As part of our COVID-19 Boardsport retail coverage, we’re looking at retailers and initiatives across Europe that keep things moving forward in this unprecedented crisis. Today, we highlight strategies that help Germany’s independent OG Skateshop stay afloat despite the government-mandated shutdown. By Dirk Vogel, Boardsport SOURCE Skateboard Editor.
Skateboarders have always been an adaptive breed with an ability to pursue their passion, even when the going gets tough. Now that the global coronavirus (COVID-19) pandemic has over one-third of the world population on lockdown, skaters across the globe are getting creative by posting skate clips filmed at home in their houses.
But the business side of things is an entirely different story, especially skate retail. At a time when ‘non-essential businesses’ are forced to close up shop and supply chains become disrupted, all stationary boardsports retail is affected by the lockdown.
Enter Germany’s OG Skateshop currently bucking the trend as an independent, online-first specialty retailer. Operated by skateboard lifer Pav Lubomir in the German town of Aachen, the shop still manages to deliver skate goods via mail order while bringing the stoke on its Instagram and YouTube Channel despite the crisis.
The secret? In this article, we take a closer look at some of the shop’s successful tactics and talk to mastermind Pav Lubomir, aka @OGpav about his nimble business strategy.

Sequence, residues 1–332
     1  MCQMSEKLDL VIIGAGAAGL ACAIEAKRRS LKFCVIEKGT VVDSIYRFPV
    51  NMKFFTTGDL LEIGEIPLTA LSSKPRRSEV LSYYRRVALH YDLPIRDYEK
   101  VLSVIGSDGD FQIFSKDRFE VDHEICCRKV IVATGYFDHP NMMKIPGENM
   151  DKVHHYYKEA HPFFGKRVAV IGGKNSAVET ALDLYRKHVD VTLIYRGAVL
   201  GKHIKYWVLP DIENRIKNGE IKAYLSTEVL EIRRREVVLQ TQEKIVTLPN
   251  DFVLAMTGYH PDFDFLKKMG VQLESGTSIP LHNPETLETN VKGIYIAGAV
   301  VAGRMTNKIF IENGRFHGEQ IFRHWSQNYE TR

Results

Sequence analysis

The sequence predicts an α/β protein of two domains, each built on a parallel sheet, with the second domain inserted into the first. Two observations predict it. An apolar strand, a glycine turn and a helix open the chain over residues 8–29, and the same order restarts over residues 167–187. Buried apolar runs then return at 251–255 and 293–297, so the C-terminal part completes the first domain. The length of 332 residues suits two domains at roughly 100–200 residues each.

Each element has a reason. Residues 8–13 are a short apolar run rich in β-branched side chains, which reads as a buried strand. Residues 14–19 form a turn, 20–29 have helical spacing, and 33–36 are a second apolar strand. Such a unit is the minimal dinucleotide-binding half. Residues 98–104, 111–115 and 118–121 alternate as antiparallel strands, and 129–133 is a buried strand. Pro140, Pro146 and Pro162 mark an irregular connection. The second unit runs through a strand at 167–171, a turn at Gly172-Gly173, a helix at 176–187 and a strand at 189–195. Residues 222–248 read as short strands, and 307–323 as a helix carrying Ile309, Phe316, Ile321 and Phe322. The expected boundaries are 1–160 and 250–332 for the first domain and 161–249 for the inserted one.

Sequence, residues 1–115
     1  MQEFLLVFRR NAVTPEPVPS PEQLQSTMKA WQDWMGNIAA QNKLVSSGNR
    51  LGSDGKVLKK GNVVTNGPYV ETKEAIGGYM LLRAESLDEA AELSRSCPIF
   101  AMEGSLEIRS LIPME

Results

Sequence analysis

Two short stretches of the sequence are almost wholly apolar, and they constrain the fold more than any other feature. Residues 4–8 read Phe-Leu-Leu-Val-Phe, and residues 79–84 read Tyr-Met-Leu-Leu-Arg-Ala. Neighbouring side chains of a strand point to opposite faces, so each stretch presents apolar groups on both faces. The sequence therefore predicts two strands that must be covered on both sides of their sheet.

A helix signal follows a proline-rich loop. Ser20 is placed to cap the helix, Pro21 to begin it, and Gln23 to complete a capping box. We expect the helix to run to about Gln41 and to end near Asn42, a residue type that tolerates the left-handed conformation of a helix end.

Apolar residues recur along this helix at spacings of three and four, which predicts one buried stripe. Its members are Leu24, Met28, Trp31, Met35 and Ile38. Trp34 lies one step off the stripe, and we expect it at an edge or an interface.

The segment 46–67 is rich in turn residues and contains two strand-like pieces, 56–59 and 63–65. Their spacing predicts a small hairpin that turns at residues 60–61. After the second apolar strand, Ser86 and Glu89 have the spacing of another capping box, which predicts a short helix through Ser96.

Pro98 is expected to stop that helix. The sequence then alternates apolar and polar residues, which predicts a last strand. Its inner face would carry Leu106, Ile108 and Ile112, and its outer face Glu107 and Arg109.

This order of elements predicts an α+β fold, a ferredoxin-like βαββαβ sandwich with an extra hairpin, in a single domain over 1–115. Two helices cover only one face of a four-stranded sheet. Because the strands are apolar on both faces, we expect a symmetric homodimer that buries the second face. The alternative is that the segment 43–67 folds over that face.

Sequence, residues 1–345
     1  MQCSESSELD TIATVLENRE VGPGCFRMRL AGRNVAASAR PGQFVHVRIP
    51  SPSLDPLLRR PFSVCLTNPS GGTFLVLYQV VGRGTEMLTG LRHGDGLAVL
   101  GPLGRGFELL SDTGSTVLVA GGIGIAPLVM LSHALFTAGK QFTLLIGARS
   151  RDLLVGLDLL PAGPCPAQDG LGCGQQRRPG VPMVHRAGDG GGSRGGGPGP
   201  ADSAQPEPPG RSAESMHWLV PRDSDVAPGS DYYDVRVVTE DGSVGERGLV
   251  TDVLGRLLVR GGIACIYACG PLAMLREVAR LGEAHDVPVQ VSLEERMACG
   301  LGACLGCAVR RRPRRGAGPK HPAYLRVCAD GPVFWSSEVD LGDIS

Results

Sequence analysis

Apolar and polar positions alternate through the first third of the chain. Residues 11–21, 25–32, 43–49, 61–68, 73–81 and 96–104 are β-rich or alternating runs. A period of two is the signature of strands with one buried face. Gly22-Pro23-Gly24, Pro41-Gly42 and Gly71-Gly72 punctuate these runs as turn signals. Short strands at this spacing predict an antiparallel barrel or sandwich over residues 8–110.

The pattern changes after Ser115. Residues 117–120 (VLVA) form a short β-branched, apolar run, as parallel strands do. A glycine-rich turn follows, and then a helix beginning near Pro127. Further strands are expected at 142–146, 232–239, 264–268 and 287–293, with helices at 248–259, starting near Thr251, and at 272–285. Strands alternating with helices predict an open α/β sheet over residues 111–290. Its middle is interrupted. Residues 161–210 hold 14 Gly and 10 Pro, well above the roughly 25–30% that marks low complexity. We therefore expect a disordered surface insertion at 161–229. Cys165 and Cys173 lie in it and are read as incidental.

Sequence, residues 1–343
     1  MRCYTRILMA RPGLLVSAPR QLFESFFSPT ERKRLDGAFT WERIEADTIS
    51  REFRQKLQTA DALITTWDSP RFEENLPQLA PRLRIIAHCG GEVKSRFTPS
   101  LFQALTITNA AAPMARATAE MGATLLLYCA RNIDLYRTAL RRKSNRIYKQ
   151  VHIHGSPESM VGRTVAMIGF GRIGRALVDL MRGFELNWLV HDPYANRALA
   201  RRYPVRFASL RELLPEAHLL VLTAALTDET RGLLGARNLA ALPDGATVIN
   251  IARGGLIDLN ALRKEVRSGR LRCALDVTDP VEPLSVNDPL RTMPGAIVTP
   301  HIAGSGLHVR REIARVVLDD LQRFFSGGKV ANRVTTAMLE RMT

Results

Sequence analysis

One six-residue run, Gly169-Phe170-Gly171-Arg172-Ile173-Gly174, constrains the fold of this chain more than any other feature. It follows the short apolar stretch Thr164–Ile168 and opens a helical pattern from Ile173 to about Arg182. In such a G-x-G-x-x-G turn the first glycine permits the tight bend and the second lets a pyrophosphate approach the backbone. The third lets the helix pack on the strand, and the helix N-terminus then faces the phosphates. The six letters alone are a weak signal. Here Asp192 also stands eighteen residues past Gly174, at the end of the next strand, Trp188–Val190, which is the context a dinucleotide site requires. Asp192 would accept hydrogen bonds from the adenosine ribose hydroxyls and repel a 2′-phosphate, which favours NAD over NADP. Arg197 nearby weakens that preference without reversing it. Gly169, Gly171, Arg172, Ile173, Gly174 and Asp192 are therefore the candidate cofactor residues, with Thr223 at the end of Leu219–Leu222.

Vlogging Through The Shutdown
The first remarkable thing about OG Skateshop’s crisis response is adapting to the new situation in a flash. On the first day the German government announced the shutdown of public life to flatten the curve of coronavirus spread, Pav began vlogging his shutdown experience on YouTube and kept the product reviews and updates from the shop coming on the regular.
In what have now become almost daily dispatches watched by several thousand viewers, Pav shares his thoughts on the situation and packages up customer orders in his small retail space/fulfilment centre/base of operations.
Another factor that crisis-proofed Pav’s business for the shutdown of stationary retail is that he hardly sells directly on-site to begin with. “I’ve always been online with my business, because the entire world is online now,” said Pav. Before the shutdown, customers could sometimes drop by the shop to pick up their goods, but only in rare cases and by previous appointment.
So when the full force of coronavirus measures hit, OG Skateshop for the past year-and-a-half had already been selling the full assortment of skate hardware, shoes, apparel, complete boards, and accessories via mail order. And even amidst the shutdown, Pav still manages to get his packages out.
With that said, the small independent retailer is in a much better position than mail order industry titans such as Amazon. Especially bearing in mind that Amazon PRIME, the membership service offering free 1-2 day shipping, is currently wrong-footed by COVID-19 like never before: According to industry reports, some PRIME items now take one month to ship and price-gouging on items like water filters is rampant, some selling for multiples of recommended retail on the platform.
Take note: Right here lays a major advantage for independent retailers who previously struggled against ecommerce giants. By staying operational and delivering within a reasonable time window, their David VS. Goliath battle now looks far more winnable.
Asked how OG Skateshop adjusted to the corona crisis, Pav offered: “I haven’t changed a single thing. I’m still out there filming, posting, putting together packages at the shop. Just my daily routine,” said Pav, adding: “I don’t have that many social contacts (laughs).”